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jazzmaster
jazzmaster, ASE Certified Tech
Category: Dodge
Satisfied Customers: 2951
Experience:  ase certified--32 yrs experience
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Where is the transmission range sensor in a Dodge Neon?

Customer Question

Where is the transmission range sensor located in a 2005 Dodge Neon SXT?

Submitted: 5 years ago.
Category: Dodge
Expert:  jazzmaster replied 5 years ago.

Hi, here is the location of the sensor, also the description and operation

graphic

The Transmission Range Sensor (TRS) is mounted to the top of the valve body inside the transaxle and can only be serviced by removing the valve body. The electrical connector extends through the transaxle case (Fig. 304).
The TRS has four switch contacts that monitor shift lever position and send the information to the TCM.

Transmission range sensor explained

Transmission range sensor (TRS) or neutral safety switch is a protection device used to prevent a vehicle’s starter operation in all other gears except “Park” or “Neutral.” The TRS relays information about current gear selection to the Transmission Control Module (TCM).

Cars manufactured with automatic transmissions are intended to start only in park or natural. The vehicle and driver’s safety may rely on this feature. If the car starts in the wrong gear, it may accidentally move in the wrong direction unintended. For this reason, automotive companies began installing range sensors that prevent the starter controls in any gear besides park or neutral.

Dodge Neon

After a while, the transmission range sensor may start to fail or wear out. There are a few symptoms that are noticeable when this happens.

Car does not start or go into gear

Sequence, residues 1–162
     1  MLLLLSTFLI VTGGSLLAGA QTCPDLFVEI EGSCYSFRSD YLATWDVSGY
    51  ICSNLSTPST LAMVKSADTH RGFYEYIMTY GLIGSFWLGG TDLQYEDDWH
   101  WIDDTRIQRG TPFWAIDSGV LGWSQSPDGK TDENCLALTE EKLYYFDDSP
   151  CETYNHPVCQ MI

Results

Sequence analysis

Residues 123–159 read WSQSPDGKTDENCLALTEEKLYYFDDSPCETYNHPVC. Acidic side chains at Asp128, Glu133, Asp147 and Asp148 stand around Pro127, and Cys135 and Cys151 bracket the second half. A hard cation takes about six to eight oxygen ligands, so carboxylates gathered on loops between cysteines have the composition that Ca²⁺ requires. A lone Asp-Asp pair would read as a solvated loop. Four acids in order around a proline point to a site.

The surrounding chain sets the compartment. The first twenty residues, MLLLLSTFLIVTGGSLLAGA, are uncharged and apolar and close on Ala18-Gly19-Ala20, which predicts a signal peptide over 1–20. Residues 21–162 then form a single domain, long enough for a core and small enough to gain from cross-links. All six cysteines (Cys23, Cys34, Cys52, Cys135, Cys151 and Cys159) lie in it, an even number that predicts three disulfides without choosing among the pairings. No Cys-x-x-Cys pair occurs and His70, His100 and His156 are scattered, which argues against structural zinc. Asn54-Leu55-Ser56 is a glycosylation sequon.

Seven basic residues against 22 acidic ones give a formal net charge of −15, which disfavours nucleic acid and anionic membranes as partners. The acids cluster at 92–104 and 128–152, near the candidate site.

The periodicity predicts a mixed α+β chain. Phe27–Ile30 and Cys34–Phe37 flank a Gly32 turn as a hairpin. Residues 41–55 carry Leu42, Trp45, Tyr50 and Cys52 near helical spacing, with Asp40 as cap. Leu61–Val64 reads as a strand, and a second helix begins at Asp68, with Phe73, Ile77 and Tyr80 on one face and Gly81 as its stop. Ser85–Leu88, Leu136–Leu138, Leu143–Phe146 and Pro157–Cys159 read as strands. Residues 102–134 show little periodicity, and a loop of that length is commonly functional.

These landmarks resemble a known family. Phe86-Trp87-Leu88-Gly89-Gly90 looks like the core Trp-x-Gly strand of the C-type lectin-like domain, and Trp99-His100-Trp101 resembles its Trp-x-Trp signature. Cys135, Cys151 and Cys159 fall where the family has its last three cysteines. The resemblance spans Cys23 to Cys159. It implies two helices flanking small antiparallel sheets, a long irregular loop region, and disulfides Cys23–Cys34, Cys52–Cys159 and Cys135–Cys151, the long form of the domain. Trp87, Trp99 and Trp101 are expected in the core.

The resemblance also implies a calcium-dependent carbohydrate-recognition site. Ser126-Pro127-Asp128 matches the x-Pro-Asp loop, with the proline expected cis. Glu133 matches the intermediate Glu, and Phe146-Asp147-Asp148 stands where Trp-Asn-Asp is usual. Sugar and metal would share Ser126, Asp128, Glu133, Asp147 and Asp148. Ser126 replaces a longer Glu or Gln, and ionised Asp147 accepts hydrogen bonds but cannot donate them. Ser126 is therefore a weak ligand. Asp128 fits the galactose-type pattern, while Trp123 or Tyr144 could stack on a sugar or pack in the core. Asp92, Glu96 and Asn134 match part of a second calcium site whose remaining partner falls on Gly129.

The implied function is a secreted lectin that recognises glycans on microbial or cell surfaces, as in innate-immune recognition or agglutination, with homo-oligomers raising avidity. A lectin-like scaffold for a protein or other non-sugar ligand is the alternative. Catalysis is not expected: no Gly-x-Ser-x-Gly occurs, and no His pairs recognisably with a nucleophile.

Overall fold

Without the transmission range sensor relaying the proper “Park” or “Neutral” setting, the Powertrain Control Module (PCM) will not know how to start the engine. If the transmission range sensor has gone out, the PCM will not receive any gear command at all, rendering the vehicle immobile.

Transmission does not go into selected gear

If the TRS becomes worn out, it could send the wrong gear information to the PCM. This could cause the PCM to send a command to a different gear than selected by the driver. If the TRS sends incorrect information, causing the wrong gear selection, an accident can happen.

Limp mode

Some vehicles can still be manually placed into gear when the range sensor fails. Doing so will bypass the PCM, and the TRS will mechanically lock into a specific gear. The bypass is what is known as “limp mode.” Depending on the manufacturer and the transmission design, the limp mode may be locked into 3rd through 5th gear or Reverse.

Additional warning signs of a faulty TRS

If the vehicle has a defective transmission range sensor it will

  • Not start
  • Start in the wrong gear
  • Cause the “Check Engine Soon” light will come on and stay on

The transmission range sensor was designed to keep vehicles and their owners safe by preventing the car from starting in the wrong gear. However, even things that are designed to keep us safe can wear out and cause protentional harm. If you suspect that a faulty transmission range sensor is causing your transmission problems, ask an Expert to help find a solution.